Spotify is having a banner year.
Not only did the digital streaming provider (DSP) add 10 million paying subscribers in the final quarter of 2022 (giving it a total of 205 million paid subs), but its stock price is up more than 75% since the start of the year, currently trading at around USD $147 per share in New York.
That marks quite a turnaround for a company whose price movements, not that long ago, would have churned the stomachs of the toughest investors.
After peaking at around $364 per share in February of 2021, Spotify followed the tech markets downward, falling more than 79%, to a bottom around $75 per share in December of 2022.
That means the company’s market capitalization reached a peak at around $70.5 billion, before falling to some $14.5 billion, then recovering to its current market cap of around $28 billion.
Notably, its share price today is close to where it stood in early April 2018, when it closed on its first day of trading at $149.01.
All in all, it’s been quite a rollercoaster ride. But who, exactly, owns this Stockholm-headquartered company that has revolutionized music consumption in our time?
MBW has been digging into Spotify’s latest SEC filings to find out.
Via a combination of ‘Statement Of Ownership’ SEC filings plus its 20-F annual report – all filed this year – we’ve been able to paint a picture of Spotify’s ownership cap table today.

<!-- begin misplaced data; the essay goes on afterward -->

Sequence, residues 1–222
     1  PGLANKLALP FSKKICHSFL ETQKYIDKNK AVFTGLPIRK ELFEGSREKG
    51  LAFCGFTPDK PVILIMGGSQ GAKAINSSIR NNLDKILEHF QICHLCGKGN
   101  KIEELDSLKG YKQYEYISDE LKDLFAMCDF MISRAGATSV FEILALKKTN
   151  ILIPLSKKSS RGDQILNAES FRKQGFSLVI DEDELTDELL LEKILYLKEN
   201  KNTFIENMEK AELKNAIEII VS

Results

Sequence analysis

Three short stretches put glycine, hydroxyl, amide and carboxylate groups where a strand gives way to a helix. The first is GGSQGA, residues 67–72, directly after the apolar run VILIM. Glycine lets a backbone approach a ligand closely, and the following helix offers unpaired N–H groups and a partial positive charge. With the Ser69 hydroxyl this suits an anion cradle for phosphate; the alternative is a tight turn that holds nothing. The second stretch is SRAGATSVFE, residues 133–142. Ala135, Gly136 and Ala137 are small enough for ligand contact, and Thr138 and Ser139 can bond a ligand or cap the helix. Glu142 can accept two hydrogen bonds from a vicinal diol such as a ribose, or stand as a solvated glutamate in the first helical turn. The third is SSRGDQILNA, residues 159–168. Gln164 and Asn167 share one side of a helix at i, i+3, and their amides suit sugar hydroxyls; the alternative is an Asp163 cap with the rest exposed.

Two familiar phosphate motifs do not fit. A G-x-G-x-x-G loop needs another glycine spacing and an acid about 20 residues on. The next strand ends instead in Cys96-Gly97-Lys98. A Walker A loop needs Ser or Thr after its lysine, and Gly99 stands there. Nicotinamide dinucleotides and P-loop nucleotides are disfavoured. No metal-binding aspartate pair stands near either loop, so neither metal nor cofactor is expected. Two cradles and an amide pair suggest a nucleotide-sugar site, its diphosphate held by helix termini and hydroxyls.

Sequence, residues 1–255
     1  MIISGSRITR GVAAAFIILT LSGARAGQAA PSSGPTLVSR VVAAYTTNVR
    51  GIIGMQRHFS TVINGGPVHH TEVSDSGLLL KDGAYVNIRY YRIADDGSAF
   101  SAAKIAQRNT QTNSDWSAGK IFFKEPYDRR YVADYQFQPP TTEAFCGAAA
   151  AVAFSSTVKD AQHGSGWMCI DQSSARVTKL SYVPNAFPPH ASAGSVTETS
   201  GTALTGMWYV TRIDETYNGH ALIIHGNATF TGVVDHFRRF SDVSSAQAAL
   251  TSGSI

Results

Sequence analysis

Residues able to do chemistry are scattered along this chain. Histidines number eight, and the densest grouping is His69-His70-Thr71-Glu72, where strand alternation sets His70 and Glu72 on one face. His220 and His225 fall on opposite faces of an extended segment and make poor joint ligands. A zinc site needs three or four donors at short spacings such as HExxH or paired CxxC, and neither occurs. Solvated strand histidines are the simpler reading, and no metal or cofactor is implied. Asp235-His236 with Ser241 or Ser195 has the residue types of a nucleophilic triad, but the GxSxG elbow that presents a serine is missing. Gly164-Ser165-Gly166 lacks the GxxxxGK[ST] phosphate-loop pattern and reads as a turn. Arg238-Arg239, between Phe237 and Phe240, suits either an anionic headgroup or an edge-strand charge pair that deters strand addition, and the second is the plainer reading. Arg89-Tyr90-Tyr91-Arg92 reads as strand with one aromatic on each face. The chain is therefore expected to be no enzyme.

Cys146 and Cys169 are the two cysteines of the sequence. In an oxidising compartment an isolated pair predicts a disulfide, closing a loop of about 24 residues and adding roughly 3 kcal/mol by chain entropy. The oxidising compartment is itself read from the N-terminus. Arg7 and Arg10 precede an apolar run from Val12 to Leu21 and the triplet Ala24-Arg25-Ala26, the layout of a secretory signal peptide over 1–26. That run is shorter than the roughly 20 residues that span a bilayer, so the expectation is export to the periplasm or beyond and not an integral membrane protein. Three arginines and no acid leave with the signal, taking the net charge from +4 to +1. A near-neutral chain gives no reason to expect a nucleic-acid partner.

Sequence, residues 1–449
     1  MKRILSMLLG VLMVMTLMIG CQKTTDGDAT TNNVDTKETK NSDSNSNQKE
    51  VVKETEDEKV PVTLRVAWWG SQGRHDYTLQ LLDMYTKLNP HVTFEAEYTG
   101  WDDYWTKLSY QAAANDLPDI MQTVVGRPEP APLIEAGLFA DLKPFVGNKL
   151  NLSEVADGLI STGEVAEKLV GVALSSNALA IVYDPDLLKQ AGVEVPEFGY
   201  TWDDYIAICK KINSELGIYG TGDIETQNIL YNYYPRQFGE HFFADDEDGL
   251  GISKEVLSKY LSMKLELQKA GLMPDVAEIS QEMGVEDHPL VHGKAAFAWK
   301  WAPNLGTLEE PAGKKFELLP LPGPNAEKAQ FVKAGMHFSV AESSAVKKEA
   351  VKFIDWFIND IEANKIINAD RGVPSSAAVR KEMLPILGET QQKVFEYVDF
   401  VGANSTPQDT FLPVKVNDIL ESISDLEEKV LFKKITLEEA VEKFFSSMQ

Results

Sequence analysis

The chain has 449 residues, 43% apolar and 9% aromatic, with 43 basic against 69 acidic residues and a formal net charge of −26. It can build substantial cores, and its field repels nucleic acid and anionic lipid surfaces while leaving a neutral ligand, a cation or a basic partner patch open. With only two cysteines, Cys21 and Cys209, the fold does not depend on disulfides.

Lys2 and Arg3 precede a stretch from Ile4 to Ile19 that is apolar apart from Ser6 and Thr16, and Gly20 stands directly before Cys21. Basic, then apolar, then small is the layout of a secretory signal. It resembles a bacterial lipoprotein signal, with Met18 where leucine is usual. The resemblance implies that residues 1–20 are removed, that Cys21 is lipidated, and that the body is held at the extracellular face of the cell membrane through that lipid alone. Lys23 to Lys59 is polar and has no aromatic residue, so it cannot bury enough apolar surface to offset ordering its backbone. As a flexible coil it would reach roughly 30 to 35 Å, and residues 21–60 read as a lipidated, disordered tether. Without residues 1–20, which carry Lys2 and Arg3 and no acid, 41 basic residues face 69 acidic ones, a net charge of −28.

That cap table continues to be dominated by Spotify’s two founders, Daniel Ek and Martin Lorentzon, along with a number of institutional investors, many of whom have been major shareholders for much of the time that Spotify has been a publicly-traded company.
Among them are investment management firm T. Rowe Prices & Associates, investment firm Baillie Gifford, banking giant Morgan Stanley, and tech and multimedia giant Tencent Holdings (partly through its subsidiary, Tencent Music Entertainment).
All the ups and downs of Spotify’s share price story hasn’t scared these investors away – clearly, they’re in for the long run.
A cap table dominated by Daniel Ek and Martin Lorentzon
In all, MBW has been able to identify via public documents the owners of nearly two-thirds of shares in Spotify
The single largest shareholder in Spotify at the close of 2022 was the firm’s co-founder and CEO, Daniel Ek, who held 31.93 million shares, or 16.5% of the total, show the SEC filings.
Ek owns most of his shares through holding companies. A company called D.G.E. Investments, headquartered in Cyprus, owns the vast majority of Ek’s shares. D.G.E. Investments is, in turn, owned by D.G.E. Holding – also based in Cyprus – and its sole shareholder is Ek.
Ek has gradually reduced his holdings in Spotify over the years; he started out with 36.83 million shares, or 19.8% of the total, back in 2018.
Concomitant with the value of Spotify, the value of Ek’s shares has jumped wildly. From an initial valuation of around $5.93 billion in 2018, he saw his Spotify stock portfolio soar to an average value of $8.48 billion in 2021, before falling back down to an average value of $3.75 billion in 2022.
At today’s price, assuming no change in his ownership stake, Ek’s shareholding in Spotify would be worth approximately $4.70 billion.
Meanwhile, Spotify’s co-founder and director Martin Lorentzon held 21.51 million shares, or 11.1% of the company’s total, as of the end of 2022.